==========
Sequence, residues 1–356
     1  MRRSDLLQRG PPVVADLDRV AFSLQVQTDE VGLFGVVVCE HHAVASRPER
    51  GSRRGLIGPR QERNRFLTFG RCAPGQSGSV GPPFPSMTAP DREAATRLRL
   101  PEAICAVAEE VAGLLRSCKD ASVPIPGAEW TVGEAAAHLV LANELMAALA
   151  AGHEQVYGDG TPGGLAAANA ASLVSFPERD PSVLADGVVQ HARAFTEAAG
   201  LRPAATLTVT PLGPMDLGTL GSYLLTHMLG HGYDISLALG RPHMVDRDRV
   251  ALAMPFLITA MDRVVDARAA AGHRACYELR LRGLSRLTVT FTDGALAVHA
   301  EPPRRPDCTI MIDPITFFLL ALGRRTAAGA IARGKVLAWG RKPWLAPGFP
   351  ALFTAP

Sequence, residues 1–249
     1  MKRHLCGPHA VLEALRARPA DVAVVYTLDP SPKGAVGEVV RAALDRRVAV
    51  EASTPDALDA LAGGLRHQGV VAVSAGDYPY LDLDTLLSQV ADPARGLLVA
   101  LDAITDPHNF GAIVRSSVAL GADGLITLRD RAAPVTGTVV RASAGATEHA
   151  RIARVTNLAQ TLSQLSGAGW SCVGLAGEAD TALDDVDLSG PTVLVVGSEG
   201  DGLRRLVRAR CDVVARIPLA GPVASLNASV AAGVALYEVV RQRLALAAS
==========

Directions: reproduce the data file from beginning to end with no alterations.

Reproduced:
Sequence, residues 1–356
     1  MRRSDLLQRG PPVVADLDRV AFSLQVQTDE VGLFGVVVCE HHAVASRPER
    51  GSRRGLIGPR QERNRFLTFG RCAPGQSGSV GPPFPSMTAP DREAATRLRL
   101  PEAICAVAEE VAGLLRSCKD ASVPIPGAEW TVGEAAAHLV LANELMAALA
   151  AGHEQVYGDG TPGGLAAANA ASLVSFPERD PSVLADGVVQ HARAFTEAAG
   201  LRPAATLTVT PLGPMDLGTL GSYLLTHMLG HGYDISLALG RPHMVDRDRV
   251  ALAMPFLITA MDRVVDARAA AGHRACYELR LRGLSRLTVT FTDGALAVHA
   301  EPPRRPDCTI MIDPITFFLL ALGRRTAAGA IARGKVLAWG RKPWLAPGFP
   351  ALFTAP

Sequence, residues 1–249
     1  MKRHLCGPHA VLEALRARPA DVAVVYTLDP SPKGAVGEVV RAALDRRVAV
    51  EASTPDALDA LAGGLRHQGV VAVSAGDYPY LDLDTLLSQV ADPARGLLVA
   101  LDAITDPHNF GAIVRSSVAL GADGLITLRD RAAPVTGTVV RASAGATEHA
   151  RIARVTNLAQ TLSQLSGAGW SCVGLAGEAD TALDDVDLSG PTVLVVGSEG
   201  DGLRRLVRAR CDVVARIPLA GPVASLNASV AAGVALYEVV RQRLALAAS